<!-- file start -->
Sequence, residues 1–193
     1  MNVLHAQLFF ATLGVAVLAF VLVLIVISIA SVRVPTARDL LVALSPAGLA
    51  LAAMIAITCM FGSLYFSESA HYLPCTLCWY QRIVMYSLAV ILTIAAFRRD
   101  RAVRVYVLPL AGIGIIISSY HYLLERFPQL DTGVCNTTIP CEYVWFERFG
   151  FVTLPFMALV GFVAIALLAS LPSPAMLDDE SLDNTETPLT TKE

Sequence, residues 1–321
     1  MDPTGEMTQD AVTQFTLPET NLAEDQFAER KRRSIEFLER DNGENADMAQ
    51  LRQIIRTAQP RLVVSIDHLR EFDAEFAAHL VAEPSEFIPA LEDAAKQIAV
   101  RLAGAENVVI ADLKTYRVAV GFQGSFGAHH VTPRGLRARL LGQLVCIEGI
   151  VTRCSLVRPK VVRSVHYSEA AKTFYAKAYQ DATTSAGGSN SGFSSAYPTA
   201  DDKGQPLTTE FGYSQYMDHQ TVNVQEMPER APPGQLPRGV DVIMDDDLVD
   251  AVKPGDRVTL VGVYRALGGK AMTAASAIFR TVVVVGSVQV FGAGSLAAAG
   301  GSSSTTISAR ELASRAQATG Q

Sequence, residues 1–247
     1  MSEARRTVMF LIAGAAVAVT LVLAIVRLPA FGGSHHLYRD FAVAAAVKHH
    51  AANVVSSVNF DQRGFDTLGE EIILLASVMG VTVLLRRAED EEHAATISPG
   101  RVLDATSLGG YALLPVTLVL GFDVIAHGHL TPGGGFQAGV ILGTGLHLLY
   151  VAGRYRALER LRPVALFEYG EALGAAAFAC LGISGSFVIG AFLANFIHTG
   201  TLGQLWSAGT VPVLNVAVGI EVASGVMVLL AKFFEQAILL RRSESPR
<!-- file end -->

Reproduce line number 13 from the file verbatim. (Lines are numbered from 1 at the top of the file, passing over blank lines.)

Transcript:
   301  GSSSTTISAR ELASRAQATG Q